It was Ferguson Missouri, March 18th, 2016 when I realized that the world was more complicated to explain than I had previously imagined. I often times still look back at that day wondering if I did the right thing by not speaking up, and every time I went to that class from then on I was reminded of the crack I had in my plan. Then children would greet me with smiles and hellos ,while playing ,laughing, giggling, and sometimes crying ...and I seemed to forget what I realized, until I stepped out those doors of child fun and imagination, back into the real world and the life of an African American teenage girl living in Amerikkka, on March 18th, 2016.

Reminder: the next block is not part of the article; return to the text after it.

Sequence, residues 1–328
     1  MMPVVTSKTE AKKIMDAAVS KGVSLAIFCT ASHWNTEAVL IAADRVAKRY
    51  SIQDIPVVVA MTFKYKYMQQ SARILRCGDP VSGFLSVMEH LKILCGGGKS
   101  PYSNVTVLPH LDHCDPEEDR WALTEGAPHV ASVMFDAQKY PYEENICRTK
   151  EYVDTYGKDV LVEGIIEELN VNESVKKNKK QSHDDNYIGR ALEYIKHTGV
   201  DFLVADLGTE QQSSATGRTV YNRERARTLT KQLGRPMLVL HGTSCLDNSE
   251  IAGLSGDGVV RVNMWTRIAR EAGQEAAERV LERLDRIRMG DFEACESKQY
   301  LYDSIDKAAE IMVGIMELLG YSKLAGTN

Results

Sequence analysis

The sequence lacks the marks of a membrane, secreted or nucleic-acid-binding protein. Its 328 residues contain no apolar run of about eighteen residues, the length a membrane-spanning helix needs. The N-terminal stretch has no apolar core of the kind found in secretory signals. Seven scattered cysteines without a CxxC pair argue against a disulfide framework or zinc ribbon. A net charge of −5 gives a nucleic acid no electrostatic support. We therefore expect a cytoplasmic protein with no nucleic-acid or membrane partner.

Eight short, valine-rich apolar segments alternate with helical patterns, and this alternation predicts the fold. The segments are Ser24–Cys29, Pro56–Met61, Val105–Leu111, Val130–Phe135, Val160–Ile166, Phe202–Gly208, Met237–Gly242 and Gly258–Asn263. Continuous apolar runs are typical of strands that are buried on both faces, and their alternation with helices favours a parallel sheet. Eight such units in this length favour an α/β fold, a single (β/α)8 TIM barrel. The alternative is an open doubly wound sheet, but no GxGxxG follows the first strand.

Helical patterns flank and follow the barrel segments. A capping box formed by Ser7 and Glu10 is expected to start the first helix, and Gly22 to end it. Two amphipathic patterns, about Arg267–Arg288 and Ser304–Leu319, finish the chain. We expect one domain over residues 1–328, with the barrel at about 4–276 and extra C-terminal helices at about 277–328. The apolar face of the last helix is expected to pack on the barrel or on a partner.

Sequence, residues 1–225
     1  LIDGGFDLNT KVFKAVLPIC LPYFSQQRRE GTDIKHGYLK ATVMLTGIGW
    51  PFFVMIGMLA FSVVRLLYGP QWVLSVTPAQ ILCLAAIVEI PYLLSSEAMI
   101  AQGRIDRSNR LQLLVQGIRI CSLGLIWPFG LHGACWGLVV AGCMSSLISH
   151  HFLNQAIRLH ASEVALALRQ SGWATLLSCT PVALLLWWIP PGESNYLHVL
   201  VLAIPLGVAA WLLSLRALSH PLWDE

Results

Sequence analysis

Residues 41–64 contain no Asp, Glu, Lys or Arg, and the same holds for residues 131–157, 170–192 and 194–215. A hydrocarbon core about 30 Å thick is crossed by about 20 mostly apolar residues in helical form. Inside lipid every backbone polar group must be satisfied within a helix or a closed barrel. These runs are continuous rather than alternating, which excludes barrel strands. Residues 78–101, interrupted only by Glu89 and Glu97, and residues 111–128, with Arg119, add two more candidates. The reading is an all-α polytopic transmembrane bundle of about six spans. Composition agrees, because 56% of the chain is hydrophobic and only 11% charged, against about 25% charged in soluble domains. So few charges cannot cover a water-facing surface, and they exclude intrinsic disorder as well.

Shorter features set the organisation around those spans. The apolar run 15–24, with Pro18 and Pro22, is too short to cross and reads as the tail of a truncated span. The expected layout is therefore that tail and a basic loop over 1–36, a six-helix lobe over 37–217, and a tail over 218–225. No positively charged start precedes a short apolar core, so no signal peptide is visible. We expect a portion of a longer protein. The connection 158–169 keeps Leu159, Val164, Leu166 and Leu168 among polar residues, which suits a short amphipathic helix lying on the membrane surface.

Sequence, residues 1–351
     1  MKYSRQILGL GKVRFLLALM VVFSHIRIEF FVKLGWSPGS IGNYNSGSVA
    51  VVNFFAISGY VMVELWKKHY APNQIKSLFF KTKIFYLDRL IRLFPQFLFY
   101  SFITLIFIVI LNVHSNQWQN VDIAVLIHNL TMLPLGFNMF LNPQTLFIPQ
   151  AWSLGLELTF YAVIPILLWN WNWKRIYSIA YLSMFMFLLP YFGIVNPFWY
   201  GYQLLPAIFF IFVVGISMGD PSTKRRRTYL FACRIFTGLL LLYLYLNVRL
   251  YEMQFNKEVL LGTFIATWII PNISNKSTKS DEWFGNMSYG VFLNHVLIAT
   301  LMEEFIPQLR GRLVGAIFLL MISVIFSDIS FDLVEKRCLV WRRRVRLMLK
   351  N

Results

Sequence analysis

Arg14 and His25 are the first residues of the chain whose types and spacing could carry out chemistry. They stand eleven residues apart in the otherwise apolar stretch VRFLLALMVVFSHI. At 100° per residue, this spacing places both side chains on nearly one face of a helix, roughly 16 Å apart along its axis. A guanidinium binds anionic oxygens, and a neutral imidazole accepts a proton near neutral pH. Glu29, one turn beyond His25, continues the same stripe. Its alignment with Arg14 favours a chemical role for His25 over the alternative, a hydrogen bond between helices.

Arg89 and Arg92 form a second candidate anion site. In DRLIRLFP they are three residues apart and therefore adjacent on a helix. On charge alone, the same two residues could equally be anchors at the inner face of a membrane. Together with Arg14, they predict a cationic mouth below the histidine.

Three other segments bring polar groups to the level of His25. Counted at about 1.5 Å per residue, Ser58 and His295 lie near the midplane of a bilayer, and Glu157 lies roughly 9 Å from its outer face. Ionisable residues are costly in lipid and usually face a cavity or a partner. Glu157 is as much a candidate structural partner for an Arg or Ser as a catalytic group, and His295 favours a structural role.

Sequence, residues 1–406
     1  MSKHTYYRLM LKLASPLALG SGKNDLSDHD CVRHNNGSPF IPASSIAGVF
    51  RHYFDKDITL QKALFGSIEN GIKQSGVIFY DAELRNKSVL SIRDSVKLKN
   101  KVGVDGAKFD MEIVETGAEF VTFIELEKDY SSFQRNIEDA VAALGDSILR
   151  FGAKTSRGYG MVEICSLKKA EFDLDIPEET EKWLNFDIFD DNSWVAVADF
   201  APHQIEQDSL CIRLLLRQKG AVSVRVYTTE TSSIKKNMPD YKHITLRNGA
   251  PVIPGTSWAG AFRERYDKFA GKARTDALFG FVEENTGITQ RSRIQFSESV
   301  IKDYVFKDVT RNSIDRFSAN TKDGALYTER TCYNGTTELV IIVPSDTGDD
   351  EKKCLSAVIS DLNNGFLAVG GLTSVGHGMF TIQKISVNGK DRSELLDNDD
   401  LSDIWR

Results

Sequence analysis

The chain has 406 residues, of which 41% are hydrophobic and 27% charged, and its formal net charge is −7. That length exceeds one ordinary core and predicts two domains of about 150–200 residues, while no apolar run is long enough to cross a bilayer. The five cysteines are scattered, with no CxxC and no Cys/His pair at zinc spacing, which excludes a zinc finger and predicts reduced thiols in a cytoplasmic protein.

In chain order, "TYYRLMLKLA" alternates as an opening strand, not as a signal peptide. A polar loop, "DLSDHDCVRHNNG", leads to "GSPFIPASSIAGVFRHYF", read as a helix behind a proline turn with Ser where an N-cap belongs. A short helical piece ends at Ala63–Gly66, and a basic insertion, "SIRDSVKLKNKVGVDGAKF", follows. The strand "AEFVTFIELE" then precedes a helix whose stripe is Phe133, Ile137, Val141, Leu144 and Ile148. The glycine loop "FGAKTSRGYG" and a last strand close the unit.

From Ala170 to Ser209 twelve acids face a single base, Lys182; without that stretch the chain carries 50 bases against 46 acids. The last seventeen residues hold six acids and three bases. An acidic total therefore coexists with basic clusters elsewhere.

Final Thoughts: The question remains, is losing childhood imagination, a small sacrifice to make, to get a humbling head start on the harsh realities we face in the world, to learn and be educated early on the system and how we can change it? Maybe it's the smallest sacrifice needed to make sure that we raise strong-minded, and well-educated warriors in this world, not just sheep. Or maybe,  just maybe we should hold on to that innocence for as long as possible, and when it’s time to face reality we don’t shy away but are ready to suit up with the amor and drive of our ancestors...and crusade.